EASA has issued a Notice of Proposed Amendment (NPA) that would establish new SMS regulations for repair stations and manufacturers.
This NPA proposes to apply safety management systems (SMS) to production and design organizations approved under Subparts G and J of Part 21. It introduces elements of SMS into the regulations, but also makes a number of other changes in each, as well.
European manufacturing changes are important to the US manufacturing community because of the long history of harmonization and cooperation between Europe and the United States.
- Future analogous changes in the United States’ rules could be justified using harmonization as a rationale for the implementation.
- Europe might refuse to accept US aircraft products or parts on safety grounds if the US does not implement comparable safety regulations.
- EASA 145 organizations, which must have procedures for the acceptance of components to ensure they are in satisfactory condition and meet applicable requirements, could refuse to accept parts produced by US manufacturers without SMS systems
Thus, US manufacturers should examine these changes carefully to help predict what sort of standards might be applied to US manufacturing in the future.
The proposed manufacturer SMS rules are published in section B of the NPA (there is a section C that applies to repair stations).
Changes include an expansion of mandatory reporting system to require collection, investigation and analysis of all voluntary reports, in addition to mandatory reports. It would expand the system to include requirements for reporting and managing internal errors and other hazards that do not fall under the traditional failures, malfunctions, defects and adverse effects occurrences that have been reported in the past. While it is clearly meant well, this change could have the unintended effect of inhibiting voluntary reports, because of the new collection, investigation and analysis burden associated with these voluntary reports.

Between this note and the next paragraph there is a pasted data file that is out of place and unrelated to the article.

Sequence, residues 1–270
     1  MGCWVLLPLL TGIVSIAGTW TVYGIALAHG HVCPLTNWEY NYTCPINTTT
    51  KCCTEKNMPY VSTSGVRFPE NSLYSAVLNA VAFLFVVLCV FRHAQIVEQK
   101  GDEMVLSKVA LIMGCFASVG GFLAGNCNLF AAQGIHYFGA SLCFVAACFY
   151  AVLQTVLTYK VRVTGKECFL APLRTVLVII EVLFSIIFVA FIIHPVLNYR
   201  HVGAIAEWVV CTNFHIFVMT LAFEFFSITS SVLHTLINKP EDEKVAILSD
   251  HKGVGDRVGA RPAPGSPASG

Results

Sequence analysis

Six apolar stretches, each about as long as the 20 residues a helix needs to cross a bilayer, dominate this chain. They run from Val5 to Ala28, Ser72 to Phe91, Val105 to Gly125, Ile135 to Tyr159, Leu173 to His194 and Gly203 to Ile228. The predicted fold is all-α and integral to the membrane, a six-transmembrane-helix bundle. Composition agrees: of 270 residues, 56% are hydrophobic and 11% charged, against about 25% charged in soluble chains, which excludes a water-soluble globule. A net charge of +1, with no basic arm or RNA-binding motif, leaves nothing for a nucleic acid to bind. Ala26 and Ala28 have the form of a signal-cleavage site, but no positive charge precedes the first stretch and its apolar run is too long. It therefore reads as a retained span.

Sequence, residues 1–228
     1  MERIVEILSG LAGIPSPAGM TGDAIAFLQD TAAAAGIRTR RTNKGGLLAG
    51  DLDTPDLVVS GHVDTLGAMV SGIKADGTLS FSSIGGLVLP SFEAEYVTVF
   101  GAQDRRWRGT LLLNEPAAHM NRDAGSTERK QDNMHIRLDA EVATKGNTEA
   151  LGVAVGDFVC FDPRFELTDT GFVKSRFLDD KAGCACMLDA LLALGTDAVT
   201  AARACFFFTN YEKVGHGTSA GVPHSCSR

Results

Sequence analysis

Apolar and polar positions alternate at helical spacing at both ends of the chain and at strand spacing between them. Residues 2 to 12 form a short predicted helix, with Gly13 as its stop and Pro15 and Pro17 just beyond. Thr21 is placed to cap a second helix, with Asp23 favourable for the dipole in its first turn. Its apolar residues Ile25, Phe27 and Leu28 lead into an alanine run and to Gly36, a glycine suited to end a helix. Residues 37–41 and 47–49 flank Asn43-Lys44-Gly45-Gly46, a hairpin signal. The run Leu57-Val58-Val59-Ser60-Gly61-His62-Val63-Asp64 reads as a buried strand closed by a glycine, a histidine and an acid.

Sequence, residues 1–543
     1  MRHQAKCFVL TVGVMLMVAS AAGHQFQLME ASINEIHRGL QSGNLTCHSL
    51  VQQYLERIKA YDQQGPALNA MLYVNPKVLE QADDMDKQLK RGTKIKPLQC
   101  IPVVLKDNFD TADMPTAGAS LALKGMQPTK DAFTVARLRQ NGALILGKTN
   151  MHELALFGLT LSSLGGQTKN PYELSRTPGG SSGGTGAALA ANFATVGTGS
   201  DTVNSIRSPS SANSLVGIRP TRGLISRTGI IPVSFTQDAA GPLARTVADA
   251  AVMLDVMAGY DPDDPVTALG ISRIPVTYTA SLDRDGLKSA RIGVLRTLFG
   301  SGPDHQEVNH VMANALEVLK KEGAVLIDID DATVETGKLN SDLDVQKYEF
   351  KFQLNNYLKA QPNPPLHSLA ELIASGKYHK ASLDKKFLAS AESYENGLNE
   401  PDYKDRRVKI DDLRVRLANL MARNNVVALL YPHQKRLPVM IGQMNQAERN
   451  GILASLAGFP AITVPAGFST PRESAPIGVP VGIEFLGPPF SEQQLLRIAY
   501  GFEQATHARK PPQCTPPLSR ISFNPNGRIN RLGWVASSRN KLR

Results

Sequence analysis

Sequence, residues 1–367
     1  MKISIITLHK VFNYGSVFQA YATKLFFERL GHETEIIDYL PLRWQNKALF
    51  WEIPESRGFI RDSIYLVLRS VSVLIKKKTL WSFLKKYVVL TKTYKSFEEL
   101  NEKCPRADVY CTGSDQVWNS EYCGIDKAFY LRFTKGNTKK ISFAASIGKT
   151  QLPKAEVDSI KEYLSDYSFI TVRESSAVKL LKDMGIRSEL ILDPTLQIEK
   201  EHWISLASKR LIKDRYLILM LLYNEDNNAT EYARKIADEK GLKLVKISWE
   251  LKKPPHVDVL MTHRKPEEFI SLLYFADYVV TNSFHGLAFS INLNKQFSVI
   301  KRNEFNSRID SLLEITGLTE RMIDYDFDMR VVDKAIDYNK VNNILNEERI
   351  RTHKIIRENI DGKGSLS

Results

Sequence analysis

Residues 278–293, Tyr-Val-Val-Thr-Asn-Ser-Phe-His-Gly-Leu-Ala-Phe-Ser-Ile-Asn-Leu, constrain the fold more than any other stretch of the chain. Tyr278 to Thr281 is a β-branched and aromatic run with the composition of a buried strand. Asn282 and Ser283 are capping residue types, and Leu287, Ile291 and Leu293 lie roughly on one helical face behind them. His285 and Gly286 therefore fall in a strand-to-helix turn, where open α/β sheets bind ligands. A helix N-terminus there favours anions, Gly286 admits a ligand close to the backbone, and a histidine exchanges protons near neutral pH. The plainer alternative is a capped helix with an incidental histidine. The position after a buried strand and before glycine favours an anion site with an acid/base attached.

The new regulation would also impose on the production approval holder a duplicative collection, investigation, analysis and reporting obligation (currently the burden belongs to the design approval holder).
The reports made to the competent authority will also need to safeguard the identity of the reporter, which could inhibit subsequent investigation by the competent authority.
The new regulations will feature expanded record-keeping requirements and also a requirement for arrangements (like contractual requirements) that make all “partners, supplier and subcontractors” open to competent authority investigations. This could mean that US suppliers to Airbus, for example would need to permit EASA investigators free access to audit or investigate at any time.
This is not a complete list of all of the proposed changes – it is worthwhile for anyone in the aviation industry to review these changes carefully as they may have wide-ranging effects. There are also draft Acceptable Means of Compliance (AMC) and Guidance Material (GM) in the NPA, as well.
The public is permitted to submit comments using the automated Comment-Response Tool (CRT). The deadline for comments on this NPA is July 17, 2019.